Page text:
Rising soil temperatures significantly affect autumn leaves and consequently the food web, appearance and biochemical makeup of the lakes and ponds those leaves fall into, a Dartmouth College-led study finds.
The study is one of the first to rigorously explore climate warming's impact on "ecological subsidies," or the exchange of nutrients and organisms between ecosystems.
"Our findings could have profound consequences for conceptualizing how climate warming impacts linkages between terrestrial and aquatic ecosystems," says the study's lead author Samuel Fey, a visiting scholar at Dartmouth and a postdoctoral fellow at Yale University.
The findings appear today online in the journal Oikos. A PDF is available on request.
The researchers collected maple leaves during autumn from experimental forest plots where the soil had been warmed or left untouched. They added the leaves to experimental freshwater enclosures containing plankton food webs consisting of zooplankton, algae and bacteria, thus creating "no leaf," "ambient leaf" and "heated leaf" conditions.
They then monitored the physical, chemical and biological responses in these artificial ponds until the enclosures froze six weeks later.
The results showed that soil warming caused a two-fold decrease in the leaves' phosphorus concentrations, and that the addition of these "warmed" leaves to the ponds decreased the water's phosphorus, dissolved organic carbon and density of bacteria, but improved the water's clarity and caused a three-fold increase in the density of cladoceran zooplankton, commonly called water fleas. Zooplankton provide a crucial source of food to many larger aquatic organisms such as fish.
"Virtually nothing is known about how climate change may alter ecological subsidies," Fey says. "Our results suggest that changes in soil temperature can have unexpected consequences for lake ecology and that predicting the consequences of climate change will require research across ecosystem boundaries."
Samuel Fey is available at firstname.lastname@example.org
Broadcast studios: Dartmouth has TV and radio studios available for interviews. For more information, visit: http://www.
John Cramer | EurekAlert!
Invasive Insects Cost the World Billions Per Year
04.10.2016 | University of Adelaide
Malaysia's unique freshwater mussels in danger
27.09.2016 | The University of Nottingham Malaysia Campus
Researchers from the Institute for Quantum Computing (IQC) at the University of Waterloo led the development of a new extensible wiring technique capable of controlling superconducting quantum bits, representing a significant step towards to the realization of a scalable quantum computer.
"The quantum socket is a wiring method that uses three-dimensional wires based on spring-loaded pins to address individual qubits," said Jeremy Béjanin, a PhD...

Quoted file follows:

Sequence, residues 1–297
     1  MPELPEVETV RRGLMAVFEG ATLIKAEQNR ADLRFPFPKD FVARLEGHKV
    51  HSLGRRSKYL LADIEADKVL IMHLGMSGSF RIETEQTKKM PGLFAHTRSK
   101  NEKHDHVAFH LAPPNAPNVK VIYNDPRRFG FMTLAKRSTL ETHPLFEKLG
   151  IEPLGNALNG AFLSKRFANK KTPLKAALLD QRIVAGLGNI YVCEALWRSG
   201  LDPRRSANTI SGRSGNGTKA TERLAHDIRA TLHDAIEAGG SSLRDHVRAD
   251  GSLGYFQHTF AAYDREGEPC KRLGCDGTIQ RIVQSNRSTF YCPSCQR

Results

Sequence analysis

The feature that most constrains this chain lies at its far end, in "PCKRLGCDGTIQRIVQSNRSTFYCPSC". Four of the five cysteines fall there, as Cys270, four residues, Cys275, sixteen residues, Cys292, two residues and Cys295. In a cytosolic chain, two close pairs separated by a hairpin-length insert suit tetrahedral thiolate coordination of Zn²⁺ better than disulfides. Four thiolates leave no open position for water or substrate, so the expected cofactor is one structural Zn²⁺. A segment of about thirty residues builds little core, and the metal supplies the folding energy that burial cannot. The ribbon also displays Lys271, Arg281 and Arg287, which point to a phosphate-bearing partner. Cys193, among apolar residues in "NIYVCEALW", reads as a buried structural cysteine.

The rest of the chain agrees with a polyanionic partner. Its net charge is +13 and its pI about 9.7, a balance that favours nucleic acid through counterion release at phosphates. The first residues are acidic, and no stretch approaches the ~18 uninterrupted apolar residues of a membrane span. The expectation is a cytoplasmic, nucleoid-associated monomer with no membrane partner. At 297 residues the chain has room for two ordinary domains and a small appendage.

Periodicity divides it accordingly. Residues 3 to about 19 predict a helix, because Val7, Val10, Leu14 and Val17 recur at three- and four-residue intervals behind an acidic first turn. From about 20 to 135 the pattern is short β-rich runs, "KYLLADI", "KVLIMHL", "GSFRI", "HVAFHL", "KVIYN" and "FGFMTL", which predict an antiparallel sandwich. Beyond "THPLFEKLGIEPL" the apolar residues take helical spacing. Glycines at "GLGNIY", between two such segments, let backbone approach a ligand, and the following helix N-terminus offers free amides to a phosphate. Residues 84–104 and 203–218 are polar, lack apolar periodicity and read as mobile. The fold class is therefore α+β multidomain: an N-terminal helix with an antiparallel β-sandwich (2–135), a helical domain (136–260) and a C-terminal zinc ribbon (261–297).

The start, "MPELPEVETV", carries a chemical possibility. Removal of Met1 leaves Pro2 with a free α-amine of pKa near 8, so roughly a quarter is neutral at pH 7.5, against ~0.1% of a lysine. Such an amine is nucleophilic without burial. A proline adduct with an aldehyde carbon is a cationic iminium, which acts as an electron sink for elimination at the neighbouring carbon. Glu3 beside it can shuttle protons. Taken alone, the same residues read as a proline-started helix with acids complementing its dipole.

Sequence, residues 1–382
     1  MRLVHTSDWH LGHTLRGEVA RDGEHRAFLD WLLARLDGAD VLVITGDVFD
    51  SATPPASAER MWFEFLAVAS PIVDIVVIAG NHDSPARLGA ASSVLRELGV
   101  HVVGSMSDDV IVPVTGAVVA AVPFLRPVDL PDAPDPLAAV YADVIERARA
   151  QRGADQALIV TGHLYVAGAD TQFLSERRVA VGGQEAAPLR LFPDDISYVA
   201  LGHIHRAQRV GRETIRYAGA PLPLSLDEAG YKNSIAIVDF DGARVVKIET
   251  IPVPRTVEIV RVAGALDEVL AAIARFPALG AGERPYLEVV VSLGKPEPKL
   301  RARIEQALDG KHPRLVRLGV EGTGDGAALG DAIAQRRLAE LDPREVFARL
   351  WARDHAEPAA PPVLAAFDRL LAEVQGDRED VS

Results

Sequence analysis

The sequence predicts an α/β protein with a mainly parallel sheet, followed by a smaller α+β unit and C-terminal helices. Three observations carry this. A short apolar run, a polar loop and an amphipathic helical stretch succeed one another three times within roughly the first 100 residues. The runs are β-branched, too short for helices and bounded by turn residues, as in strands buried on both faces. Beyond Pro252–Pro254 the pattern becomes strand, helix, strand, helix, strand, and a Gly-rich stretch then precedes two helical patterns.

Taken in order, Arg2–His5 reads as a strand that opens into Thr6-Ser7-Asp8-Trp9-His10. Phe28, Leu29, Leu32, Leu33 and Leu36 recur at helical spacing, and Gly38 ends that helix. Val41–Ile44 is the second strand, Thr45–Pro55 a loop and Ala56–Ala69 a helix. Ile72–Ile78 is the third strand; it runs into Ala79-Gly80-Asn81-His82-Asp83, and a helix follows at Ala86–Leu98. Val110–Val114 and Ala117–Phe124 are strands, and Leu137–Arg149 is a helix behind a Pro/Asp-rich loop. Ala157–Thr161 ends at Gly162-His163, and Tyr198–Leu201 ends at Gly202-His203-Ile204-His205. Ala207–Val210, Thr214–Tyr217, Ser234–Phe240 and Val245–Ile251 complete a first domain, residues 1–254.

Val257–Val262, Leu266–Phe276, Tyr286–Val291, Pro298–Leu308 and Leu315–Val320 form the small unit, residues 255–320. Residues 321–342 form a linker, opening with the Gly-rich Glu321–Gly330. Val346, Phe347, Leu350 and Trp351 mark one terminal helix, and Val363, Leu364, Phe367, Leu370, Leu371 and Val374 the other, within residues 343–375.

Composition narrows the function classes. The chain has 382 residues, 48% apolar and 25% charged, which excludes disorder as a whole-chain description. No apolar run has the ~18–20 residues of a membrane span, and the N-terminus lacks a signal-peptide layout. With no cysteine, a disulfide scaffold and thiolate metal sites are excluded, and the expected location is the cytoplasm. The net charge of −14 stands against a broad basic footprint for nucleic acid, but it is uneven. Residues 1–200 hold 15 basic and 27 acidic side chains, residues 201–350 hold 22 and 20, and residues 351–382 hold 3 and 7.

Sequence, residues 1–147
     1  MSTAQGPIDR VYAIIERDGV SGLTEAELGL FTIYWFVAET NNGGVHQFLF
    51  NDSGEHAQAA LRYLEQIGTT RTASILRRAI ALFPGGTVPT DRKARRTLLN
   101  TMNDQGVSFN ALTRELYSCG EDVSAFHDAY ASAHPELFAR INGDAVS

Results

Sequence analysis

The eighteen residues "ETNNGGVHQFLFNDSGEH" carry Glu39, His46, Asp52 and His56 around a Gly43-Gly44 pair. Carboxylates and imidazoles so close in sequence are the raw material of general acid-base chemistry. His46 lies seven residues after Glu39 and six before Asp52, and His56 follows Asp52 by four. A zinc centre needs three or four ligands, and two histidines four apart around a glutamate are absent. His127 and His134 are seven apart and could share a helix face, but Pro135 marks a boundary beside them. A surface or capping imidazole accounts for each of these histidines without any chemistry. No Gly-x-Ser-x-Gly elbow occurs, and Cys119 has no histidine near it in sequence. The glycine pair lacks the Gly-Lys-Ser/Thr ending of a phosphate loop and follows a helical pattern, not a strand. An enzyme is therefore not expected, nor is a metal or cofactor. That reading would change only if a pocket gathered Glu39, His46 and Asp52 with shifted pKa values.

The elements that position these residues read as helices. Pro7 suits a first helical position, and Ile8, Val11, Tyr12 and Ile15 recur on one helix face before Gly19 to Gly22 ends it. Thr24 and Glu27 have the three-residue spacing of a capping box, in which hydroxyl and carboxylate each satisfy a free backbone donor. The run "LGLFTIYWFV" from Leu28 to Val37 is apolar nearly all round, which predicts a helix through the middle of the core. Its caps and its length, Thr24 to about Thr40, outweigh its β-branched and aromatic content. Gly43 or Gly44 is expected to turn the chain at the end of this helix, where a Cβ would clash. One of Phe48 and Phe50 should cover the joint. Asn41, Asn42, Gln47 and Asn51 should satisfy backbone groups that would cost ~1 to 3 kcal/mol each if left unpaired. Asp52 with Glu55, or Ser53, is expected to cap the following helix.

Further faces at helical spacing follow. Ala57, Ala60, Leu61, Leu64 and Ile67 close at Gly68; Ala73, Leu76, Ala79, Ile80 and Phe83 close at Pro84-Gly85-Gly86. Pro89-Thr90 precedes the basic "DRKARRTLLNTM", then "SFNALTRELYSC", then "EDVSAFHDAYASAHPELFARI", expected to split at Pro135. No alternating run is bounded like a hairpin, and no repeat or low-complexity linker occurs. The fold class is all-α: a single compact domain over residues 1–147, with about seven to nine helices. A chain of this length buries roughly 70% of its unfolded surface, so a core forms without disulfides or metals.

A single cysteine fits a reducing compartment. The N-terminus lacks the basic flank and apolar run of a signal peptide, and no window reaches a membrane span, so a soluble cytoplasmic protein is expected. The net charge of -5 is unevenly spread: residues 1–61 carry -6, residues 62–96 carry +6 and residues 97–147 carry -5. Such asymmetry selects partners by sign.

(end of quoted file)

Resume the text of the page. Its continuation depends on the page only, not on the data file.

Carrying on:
In a paper in Scientific Reports, a research team at Worcester Polytechnic Institute describes a novel light-activated phenomenon that could become the basis for applications as diverse as microscopic robotic grippers and more efficient solar cells.
A research team at Worcester Polytechnic Institute (WPI) has developed a revolutionary, light-activated semiconductor nanocomposite material that can be used...
By forcefully embedding two silicon atoms in a diamond matrix, Sandia researchers have demonstrated for the first time on a single chip all the components needed to create a quantum bridge to link quantum computers together.
"People have already built small quantum computers," says Sandia researcher Ryan Camacho. "Maybe the first useful one won't be a single giant quantum computer...
COMPAMED has become the leading international marketplace for suppliers of medical manufacturing. The trade fair, which takes place every November and is co-located to MEDICA in Dusseldorf, has been steadily growing over the past years and shows that medical technology remains a rapidly growing market.
In 2016, the joint pavilion by the IVAM Microtechnology Network, the Product Market “High-tech for Medical Devices”, will be located in Hall 8a again and will...
'Ferroelectric' materials can switch between different states of electrical polarization in response to an external electric field. This flexibility means they show promise for many applications, for example in electronic devices and computer memory. Current ferroelectric materials are highly valued for their thermal and chemical stability and rapid electro-mechanical responses, but creating a material that is scalable down to the tiny sizes needed for technologies like silicon-based semiconductors (Si-based CMOS) has proven challenging.
Now, Hiroshi Funakubo and co-workers at the Tokyo Institute of Technology, in collaboration with researchers across Japan, have conducted experiments to...
14.10.2016 | Event News
14.10.2016 | Event News
12.10.2016 | Event News
21.10.2016 | Health and Medicine
21.10.2016 | Information Technology
21.10.2016 | Materials Sciences